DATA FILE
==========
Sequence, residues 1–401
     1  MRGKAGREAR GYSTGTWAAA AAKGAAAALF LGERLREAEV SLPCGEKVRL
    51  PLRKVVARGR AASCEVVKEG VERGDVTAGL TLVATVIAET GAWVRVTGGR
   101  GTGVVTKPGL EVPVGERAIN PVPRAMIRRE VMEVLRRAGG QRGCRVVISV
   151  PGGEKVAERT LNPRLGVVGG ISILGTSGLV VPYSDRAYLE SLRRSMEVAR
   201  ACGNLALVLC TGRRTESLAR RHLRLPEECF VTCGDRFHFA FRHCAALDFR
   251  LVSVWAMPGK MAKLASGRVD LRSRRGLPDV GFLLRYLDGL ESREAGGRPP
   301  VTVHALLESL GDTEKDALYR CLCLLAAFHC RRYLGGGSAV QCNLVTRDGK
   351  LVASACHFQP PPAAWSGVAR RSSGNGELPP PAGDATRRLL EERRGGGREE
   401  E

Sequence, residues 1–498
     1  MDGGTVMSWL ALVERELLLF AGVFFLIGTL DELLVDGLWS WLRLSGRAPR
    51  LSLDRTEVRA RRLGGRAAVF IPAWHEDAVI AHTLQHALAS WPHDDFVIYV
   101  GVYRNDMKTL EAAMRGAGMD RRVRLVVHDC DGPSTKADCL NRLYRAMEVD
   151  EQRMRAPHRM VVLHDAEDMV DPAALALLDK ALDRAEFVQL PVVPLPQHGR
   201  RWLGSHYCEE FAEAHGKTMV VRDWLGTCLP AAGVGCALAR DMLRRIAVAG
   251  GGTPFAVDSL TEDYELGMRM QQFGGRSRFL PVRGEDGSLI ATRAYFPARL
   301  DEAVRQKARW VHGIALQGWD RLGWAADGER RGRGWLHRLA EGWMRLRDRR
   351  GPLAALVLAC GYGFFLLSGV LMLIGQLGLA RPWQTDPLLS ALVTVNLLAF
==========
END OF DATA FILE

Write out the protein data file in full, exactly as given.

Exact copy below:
Sequence, residues 1–401
     1  MRGKAGREAR GYSTGTWAAA AAKGAAAALF LGERLREAEV SLPCGEKVRL
    51  PLRKVVARGR AASCEVVKEG VERGDVTAGL TLVATVIAET GAWVRVTGGR
   101  GTGVVTKPGL EVPVGERAIN PVPRAMIRRE VMEVLRRAGG QRGCRVVISV
   151  PGGEKVAERT LNPRLGVVGG ISILGTSGLV VPYSDRAYLE SLRRSMEVAR
   201  ACGNLALVLC TGRRTESLAR RHLRLPEECF VTCGDRFHFA FRHCAALDFR
   251  LVSVWAMPGK MAKLASGRVD LRSRRGLPDV GFLLRYLDGL ESREAGGRPP
   301  VTVHALLESL GDTEKDALYR CLCLLAAFHC RRYLGGGSAV QCNLVTRDGK
   351  LVASACHFQP PPAAWSGVAR RSSGNGELPP PAGDATRRLL EERRGGGREE
   401  E

Sequence, residues 1–498
     1  MDGGTVMSWL ALVERELLLF AGVFFLIGTL DELLVDGLWS WLRLSGRAPR
    51  LSLDRTEVRA RRLGGRAAVF IPAWHEDAVI AHTLQHALAS WPHDDFVIYV
   101  GVYRNDMKTL EAAMRGAGMD RRVRLVVHDC DGPSTKADCL NRLYRAMEVD
   151  EQRMRAPHRM VVLHDAEDMV DPAALALLDK ALDRAEFVQL PVVPLPQHGR
   201  RWLGSHYCEE FAEAHGKTMV VRDWLGTCLP AAGVGCALAR DMLRRIAVAG
   251  GGTPFAVDSL TEDYELGMRM QQFGGRSRFL PVRGEDGSLI ATRAYFPARL
   301  DEAVRQKARW VHGIALQGWD RLGWAADGER RGRGWLHRLA EGWMRLRDRR
   351  GPLAALVLAC GYGFFLLSGV LMLIGQLGLA RPWQTDPLLS ALVTVNLLAF